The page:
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Pros: Helpful tutorials, templates. Supports independent and collaborative work. Builds life and career skills.
Cons: Takes time to set up (and potentially reframe your curriculum). Teachers will need a clear picture of what they'd like for students to accomplish and how.
Bottom Line: This platform gives teachers options for structuring a learning experience that students truly own.
How Can I Teach with This Tool?
Teachers can use Spinndle to make project-based learning (PBL) more manageable. If you have an existing PBL unit, or even a lesson with a project-based component, you might start by using Spinndle to re-create it. However, even so it might be best to explore the library of projects or templates to get a sense of the way Spinndle approaches project design. One thing you'll notice is that while teachers set up the experience, students drive it. Teachers provide the initial framework and instructions for projects in the form of Stages, Pathways, and Tasks, and then it's up to students to add and manage group tasks, communicate with their peers, and show specific evidence of learning and task completion. In this way, Spinndle does a good job of offering both teachers and students a flexible starting point for a learning journey that evolves over time based on student input. Teachers monitor things and provide feedback as needed.
Students can use Spinndle to design passion projects, analyze literature, present research to their peers, and more. These tasks can stretch from simple individual or group projects to extended PBL opportunities. Regardless of the type of project, students must use their social and emotional learning (SEL) and executive function skills. They'll need to communicate effectively, manage time and tasks, and take charge of their learning. Group members post content, communicate with peers and teachers, and track the group's progress through the project feed. This enables them to see group members' activities and provide feedback and reminders to keep things flowing.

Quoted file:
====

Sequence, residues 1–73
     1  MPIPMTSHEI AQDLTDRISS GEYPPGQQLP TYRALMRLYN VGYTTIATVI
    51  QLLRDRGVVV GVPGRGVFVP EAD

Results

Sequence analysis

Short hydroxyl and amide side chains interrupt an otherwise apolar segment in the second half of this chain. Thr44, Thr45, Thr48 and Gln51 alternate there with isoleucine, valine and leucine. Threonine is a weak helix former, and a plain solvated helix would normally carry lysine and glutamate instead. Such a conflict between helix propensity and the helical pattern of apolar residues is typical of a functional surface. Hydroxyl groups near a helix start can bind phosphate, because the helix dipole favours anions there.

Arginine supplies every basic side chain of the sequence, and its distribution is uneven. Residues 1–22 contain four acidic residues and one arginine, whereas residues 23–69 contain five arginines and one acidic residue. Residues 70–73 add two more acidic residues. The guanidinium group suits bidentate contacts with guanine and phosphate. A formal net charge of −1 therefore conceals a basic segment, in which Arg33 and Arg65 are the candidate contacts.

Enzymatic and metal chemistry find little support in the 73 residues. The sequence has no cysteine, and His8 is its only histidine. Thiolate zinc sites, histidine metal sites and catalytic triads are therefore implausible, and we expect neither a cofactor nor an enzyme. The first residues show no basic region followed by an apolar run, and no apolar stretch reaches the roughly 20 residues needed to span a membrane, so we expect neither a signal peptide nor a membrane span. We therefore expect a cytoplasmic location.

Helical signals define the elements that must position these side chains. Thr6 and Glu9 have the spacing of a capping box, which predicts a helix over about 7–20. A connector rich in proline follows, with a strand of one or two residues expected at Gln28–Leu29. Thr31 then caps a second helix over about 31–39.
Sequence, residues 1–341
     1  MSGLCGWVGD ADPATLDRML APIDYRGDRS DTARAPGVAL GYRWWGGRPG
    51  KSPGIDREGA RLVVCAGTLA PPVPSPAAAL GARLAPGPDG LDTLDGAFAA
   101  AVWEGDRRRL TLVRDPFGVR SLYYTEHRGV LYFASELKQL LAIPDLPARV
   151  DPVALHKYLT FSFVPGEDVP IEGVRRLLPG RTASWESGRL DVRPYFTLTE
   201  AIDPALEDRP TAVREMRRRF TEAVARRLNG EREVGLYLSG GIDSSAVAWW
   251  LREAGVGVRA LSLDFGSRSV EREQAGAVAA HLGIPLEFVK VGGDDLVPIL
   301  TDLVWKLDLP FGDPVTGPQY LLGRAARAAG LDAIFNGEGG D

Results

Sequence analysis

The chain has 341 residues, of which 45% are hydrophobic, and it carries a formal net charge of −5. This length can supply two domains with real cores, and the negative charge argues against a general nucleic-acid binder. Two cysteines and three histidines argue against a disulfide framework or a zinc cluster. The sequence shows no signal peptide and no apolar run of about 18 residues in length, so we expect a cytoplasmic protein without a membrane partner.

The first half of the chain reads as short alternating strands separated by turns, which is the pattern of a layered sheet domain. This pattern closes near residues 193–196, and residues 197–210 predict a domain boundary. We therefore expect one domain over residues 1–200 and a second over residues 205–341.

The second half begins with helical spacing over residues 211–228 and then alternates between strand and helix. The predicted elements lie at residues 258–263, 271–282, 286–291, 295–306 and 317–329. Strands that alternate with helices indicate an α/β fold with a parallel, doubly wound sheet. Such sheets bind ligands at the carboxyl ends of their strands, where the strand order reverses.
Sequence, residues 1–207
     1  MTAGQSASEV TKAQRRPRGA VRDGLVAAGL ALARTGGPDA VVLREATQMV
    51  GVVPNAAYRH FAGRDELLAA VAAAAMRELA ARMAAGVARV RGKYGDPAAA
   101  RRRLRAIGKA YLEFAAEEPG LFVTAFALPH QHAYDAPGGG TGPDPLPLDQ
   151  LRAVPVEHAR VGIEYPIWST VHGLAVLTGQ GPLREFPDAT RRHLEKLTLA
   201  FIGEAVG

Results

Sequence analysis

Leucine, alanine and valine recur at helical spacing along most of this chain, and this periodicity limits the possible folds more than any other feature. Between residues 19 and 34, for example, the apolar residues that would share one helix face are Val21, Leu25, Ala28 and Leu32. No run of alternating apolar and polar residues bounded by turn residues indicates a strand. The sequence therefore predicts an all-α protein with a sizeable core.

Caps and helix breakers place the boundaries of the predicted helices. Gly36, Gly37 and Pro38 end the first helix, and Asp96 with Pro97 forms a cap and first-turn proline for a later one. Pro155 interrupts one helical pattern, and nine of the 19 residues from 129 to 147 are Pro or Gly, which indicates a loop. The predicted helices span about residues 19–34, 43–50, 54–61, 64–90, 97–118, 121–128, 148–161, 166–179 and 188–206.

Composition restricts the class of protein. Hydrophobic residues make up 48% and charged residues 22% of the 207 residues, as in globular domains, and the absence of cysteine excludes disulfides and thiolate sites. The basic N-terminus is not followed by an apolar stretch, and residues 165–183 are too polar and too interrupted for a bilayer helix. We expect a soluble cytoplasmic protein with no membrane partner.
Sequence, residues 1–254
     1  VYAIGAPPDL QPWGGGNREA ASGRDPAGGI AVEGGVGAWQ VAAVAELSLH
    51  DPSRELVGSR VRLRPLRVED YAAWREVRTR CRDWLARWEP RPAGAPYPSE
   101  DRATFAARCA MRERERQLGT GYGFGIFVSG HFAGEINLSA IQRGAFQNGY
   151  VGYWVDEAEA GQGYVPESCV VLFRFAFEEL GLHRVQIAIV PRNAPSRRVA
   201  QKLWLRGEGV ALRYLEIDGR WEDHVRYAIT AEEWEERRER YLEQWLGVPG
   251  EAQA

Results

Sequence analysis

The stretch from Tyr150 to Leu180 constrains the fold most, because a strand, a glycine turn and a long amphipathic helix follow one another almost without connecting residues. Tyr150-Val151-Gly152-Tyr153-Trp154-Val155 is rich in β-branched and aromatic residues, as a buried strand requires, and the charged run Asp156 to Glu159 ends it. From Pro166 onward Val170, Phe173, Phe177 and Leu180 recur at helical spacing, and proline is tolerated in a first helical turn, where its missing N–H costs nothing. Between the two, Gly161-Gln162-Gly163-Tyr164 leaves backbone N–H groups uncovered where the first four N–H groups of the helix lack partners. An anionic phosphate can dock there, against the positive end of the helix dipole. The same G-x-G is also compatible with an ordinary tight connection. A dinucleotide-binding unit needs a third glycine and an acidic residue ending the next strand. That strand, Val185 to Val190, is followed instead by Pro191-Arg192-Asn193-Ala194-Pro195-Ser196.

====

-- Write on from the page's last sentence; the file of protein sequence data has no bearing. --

Teachers can differentiate by assigning content to individuals or groups and/or by providing feedback and reference resources as needed. As projects evolve, teachers will want to check in on the project feeds regularly to see who's posting what and who might need support or a nudge in the right direction. This helps with accountability and targeted support. Ultimately, this is a tool that'll work best when well-structured by teachers and with appropriate student buy-in and responsible participation. This'll take some norm- and expectation-setting up front, especially because the design doesn't have a lot of flash, dash, and gamification to it. This means intrinsic motivation, driven by absorbing projects and meaningful collaboration, will be the key to success.